River Oaks is home to the forty-member River Oaks Chamber Orchestra. The orchestra is composed of musicians from around the United States and guest conductors from around the world. The training facilities for the Houston Ballet and its pre-professional school, the Ben Stevenson Academy, are located on West Gray, east of the River Oaks Shopping Center. Memorial Park is close to River Oaks. River Oaks Park and the River Oaks Community Center, operated by the City of Houston, is located at 3600 Locke Lane. River Oaks Park includes a quarter mile off-road trail located within the park's boundaries.

River Oaks Country Club, located within the community on the northern end of River Oaks Boulevard, is a country club that includes a golf facility that was designed by architect Donald Ross. Ross is considered to be one of the most significant golf course designers in the history of golfing. Opening in 1923, the country club has hosted the River Oaks International Tennis Tournament since 1931.


Primary and secondary schools

Public schooling is available under the Houston Independent School District (HISD) and consists of River Oaks Elementary School, Lanier Middle School, and Lamar High School. Lanier opened in 1926, River Oaks Elementary opened in 1929, and Lamar opened in 1937. Between 1986 and 1996, River Oaks Elementary School only admitted magnet school students from other areas of the city. The community was divided between the attendance zones of Wilson Elementary School (opened in 1925) and the now closed Will Rogers Elementary School (opened in 1950, closed in summer 2006). In 1995, several River Oaks parents petitioned HISD to re-establish the neighborhood program at River Oaks Elementary School which allows non-magnet students residing in the school's boundaries to attend. Some magnet parents opposed, believing that the River Oaks program would reduce racial diversity at the school. In fall 1996, HISD added a neighborhood program to the school for grades Kindergarten through 2, with grades 3 through 5 phased in over a subsequent three-year period.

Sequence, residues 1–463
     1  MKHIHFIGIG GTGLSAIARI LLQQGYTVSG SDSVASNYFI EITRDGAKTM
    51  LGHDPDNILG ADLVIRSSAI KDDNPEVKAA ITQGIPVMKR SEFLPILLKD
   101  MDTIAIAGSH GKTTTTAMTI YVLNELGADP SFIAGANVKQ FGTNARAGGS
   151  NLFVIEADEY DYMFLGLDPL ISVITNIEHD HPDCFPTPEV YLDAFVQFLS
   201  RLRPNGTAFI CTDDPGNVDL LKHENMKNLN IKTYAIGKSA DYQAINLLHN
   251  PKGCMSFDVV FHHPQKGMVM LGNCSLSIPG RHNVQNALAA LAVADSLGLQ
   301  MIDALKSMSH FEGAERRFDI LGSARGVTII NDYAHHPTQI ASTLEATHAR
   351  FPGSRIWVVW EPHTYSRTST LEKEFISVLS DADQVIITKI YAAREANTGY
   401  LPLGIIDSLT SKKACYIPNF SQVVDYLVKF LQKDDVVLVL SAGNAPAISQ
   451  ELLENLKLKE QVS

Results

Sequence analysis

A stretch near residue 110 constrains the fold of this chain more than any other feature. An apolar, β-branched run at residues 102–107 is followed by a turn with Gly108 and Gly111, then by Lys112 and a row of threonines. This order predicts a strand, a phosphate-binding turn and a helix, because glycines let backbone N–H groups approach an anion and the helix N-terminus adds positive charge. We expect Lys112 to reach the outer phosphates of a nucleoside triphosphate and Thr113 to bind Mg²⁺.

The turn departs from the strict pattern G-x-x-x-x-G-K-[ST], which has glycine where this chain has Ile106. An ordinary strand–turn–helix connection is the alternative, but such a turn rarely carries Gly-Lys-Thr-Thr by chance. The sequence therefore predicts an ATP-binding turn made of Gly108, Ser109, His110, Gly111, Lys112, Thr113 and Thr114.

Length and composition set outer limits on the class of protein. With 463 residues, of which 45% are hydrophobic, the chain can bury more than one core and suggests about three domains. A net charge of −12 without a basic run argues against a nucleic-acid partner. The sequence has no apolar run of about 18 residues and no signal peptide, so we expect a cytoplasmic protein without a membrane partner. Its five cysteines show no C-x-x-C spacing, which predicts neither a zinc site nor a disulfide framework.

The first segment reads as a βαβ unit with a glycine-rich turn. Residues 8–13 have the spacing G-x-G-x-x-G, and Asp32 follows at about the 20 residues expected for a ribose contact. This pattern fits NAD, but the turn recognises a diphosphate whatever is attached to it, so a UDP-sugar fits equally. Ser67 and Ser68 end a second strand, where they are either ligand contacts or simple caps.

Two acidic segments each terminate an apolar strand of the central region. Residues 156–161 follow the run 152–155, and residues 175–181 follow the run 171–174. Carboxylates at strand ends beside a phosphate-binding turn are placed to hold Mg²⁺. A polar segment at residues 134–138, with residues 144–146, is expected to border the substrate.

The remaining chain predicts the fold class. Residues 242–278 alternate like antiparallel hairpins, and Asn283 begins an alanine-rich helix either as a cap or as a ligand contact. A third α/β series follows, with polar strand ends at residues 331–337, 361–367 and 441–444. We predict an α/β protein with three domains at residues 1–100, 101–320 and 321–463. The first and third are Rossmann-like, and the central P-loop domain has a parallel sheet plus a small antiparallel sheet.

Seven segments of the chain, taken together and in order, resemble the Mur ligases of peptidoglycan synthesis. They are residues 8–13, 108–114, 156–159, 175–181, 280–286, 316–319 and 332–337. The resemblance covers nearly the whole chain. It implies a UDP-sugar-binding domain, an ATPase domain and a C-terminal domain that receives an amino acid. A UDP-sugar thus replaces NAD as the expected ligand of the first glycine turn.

Crockett Early Childhood Center is the closest public early childhood center to River Oaks, while Wilson Elementary School's preschool program is the closest tuition-based program. Only economically-disadvantaged students, homeless students, students who are not proficient in English, or children of active-duty members of the U.S. military or whose parent has been killed, injured, or missing in action while on active duty may be enrolled in tuition-free HISD preschools. Students who are eligible for HISD's preschools may attend any Early Childhood Center in Houston ISD for free. Students not eligible may enroll in tuition-based HISD preschool programs.